The appellant mother, HD, and the respondent father, DD, were married and have two young children together. During the marriage, the Children’s Aid Society (CAS) became involved because of concerns for the children’s mental and emotional wellbeing as a result of exposure to domestic violence. Following separation, there were several incidents following which DD pleaded guilty to criminal harassment HD. HD was later granted sole custody on a consent Order. CAS recommended against unsupervised access for the father, but DD refused to engage in supervised access. After receiving a positive and supportive response from CAS, HD moved with the children to Alberta. At this point, the father had not seen the children for nearly 6 months. DD brought a motion to vary the consent Order to gain custody of the children. An ex parte Order was made in Ontario ordering HD to return the children to DD’s temporary care while the motion to vary was adjourned. HD returned to Ontario for the hearing while the children remained in Alberta as per an arrangement with child welfare authorities.
Violante v Beun,  WDFL 2907, 241 ACWS (3d) 161
This case addresses the issue of a variation of interim custody on the eve of trial due to a parent’s significant alienating behaviour.
This case involves the issues of custody and access. In particular, the father brought a motion to change temporary custody of the child of the marriage. The parenting capacity assessor reported significant alienating behaviour by the mother. As such, the parenting capacity assessor recommended an immediate change in custody. The father launched this motion to change temporary custody in light of both the parenting capacity assessor’s recommendation and the supportive positions taken by both the Office of the Children’s Lawyer and Children’s Aid Society. It is important to note that this motion was brought despite the fact trial was fixed on an expedited basis and was only 3 months away.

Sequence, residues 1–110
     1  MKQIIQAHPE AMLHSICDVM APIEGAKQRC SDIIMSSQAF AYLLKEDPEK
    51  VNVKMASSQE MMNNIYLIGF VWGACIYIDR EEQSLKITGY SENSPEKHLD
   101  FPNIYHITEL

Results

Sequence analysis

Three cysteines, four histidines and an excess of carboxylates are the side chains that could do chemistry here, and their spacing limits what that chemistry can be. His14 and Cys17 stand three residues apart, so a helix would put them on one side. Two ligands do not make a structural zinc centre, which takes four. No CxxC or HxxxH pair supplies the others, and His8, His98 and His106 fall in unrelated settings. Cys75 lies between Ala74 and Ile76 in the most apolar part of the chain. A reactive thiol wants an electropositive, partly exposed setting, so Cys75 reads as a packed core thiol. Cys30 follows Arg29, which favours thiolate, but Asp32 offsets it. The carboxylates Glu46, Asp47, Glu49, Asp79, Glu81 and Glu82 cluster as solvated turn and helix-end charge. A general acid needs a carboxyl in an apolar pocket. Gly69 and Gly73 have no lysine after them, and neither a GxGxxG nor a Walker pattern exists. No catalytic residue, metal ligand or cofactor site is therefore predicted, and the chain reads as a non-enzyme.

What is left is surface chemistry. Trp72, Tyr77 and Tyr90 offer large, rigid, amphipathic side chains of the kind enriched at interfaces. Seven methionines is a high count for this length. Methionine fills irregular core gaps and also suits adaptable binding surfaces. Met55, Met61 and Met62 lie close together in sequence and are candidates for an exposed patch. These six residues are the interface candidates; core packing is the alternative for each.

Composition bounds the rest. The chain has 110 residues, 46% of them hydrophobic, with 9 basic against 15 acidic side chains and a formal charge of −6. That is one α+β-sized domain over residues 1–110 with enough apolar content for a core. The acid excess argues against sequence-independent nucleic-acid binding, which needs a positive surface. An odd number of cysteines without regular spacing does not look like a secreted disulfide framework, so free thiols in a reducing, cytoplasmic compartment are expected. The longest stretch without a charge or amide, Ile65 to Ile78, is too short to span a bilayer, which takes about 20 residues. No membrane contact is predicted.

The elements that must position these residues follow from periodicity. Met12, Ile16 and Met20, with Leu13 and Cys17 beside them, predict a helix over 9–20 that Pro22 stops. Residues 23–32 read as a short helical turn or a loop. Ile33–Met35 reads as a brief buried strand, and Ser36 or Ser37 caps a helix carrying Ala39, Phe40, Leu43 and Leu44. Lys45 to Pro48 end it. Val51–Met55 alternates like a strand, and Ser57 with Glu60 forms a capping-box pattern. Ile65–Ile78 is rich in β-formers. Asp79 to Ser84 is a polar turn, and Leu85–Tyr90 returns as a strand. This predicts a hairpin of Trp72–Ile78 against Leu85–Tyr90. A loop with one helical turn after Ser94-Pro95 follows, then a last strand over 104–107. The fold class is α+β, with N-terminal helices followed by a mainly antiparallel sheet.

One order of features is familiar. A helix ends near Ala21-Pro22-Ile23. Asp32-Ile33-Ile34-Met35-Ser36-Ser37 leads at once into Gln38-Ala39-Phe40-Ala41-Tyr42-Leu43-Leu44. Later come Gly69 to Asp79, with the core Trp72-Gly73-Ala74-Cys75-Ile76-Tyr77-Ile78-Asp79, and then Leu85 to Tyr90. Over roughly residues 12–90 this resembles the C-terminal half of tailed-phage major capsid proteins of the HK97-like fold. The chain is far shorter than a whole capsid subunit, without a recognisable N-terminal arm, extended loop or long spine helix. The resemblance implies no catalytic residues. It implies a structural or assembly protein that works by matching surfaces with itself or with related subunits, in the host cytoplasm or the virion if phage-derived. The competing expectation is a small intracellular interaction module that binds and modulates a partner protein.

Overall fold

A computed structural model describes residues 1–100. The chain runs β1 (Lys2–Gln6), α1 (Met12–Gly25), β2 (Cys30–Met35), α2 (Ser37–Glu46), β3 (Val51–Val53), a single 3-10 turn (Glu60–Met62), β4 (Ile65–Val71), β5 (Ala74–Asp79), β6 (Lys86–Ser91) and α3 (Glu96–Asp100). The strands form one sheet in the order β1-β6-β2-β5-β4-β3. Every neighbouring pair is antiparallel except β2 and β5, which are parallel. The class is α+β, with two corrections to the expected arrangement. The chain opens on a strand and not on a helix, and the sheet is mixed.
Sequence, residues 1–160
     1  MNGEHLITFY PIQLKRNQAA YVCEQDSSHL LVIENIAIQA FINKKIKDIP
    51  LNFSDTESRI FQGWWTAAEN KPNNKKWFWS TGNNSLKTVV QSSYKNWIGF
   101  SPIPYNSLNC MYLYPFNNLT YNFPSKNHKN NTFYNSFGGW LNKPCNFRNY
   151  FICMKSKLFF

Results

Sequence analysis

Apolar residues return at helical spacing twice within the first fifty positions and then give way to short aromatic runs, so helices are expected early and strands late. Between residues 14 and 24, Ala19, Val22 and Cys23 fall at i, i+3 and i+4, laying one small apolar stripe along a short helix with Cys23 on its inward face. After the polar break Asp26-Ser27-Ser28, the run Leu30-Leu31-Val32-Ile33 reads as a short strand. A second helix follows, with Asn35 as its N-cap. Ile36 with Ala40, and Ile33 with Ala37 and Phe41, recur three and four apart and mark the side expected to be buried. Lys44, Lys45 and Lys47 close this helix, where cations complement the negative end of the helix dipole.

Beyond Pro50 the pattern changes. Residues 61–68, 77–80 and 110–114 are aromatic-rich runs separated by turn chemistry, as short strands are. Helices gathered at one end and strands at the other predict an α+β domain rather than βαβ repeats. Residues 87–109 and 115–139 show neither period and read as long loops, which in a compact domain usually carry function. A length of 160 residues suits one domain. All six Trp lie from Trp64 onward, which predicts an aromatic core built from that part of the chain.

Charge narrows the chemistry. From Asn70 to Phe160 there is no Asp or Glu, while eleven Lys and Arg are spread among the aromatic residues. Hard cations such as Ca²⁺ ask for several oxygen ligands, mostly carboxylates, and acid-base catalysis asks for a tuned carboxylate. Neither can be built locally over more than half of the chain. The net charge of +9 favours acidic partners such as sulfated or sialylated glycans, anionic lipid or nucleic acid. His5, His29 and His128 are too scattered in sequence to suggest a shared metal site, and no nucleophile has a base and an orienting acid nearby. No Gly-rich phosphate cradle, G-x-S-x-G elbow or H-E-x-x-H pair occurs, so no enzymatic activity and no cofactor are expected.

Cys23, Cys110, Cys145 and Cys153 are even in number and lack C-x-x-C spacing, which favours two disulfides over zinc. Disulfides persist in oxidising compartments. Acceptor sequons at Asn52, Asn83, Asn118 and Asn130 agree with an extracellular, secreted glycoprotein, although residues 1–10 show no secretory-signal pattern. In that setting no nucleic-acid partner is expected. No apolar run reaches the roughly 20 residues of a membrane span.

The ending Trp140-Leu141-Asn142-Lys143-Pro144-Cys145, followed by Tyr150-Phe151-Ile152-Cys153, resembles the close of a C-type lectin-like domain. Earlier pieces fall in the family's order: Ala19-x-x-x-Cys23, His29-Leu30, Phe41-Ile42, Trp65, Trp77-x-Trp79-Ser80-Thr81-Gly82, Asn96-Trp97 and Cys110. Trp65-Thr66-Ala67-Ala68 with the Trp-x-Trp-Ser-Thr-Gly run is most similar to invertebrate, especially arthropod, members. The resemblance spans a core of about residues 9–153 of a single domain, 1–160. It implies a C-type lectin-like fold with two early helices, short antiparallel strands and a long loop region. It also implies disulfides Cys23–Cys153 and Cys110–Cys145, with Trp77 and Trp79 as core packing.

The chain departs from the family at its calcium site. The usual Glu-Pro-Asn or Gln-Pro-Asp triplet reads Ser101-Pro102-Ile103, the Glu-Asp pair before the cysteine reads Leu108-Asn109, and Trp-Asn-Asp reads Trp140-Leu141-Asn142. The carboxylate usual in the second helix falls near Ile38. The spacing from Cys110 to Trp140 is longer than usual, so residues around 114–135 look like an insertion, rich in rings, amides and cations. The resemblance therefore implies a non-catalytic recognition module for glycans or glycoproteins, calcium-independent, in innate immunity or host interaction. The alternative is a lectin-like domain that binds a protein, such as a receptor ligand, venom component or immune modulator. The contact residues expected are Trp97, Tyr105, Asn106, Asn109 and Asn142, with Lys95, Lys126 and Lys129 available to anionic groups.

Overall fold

In granting the father’s motion to change temporary custody, Justice Mesbur considered all the evidence that was before the court. It was clear from such evidence that the Children’s Lawyer, Children’s Aid Society and the parenting capacity assessor were of all the same opinion – that an immediate change in custody was necessary. Justice Mesbur stated in paragraph 7 of her judgment,
In forty years of doing this kind of work, I have never before seen a professional parenting capacity assessor, the Children’s Lawyer and a Children’s Aid Society all take such a strong and consistent position seeking an immediate change in temporary custody.
The evidence before the Court raised a sincere concern regarding the mother’s behaviour, as she attempted to alienate the father from the child.
In cases involving custody and access, the court’s primary guiding principle is the best interests of the child. It was clear from the evidence that the behaviour of the mother was not in the best interests of the child. Justice Mesbur held,
I am sufficiently concerned about the gravity and nature of the allegations that I am not prepared to risk any further potential harm to Ruthie. The court’s sole and primary concern must be Ruthie’s best interest. I, therefore, conclude that this is one of the rare an exceptional cases where an immediate change to temporary custody is necessary.
In so stating, the Court granted the father’s motion to change temporary custody. This decision, despite the severity of the mother’s conduct, was significant as courts will rarely entertain a motion to change interim custody pending a trial. Given the rise in research regarding parental alienation, it appears as though courts will be more willing to intervene at an earlier stage to prevent the ill effects of a party’s alienating behaviour.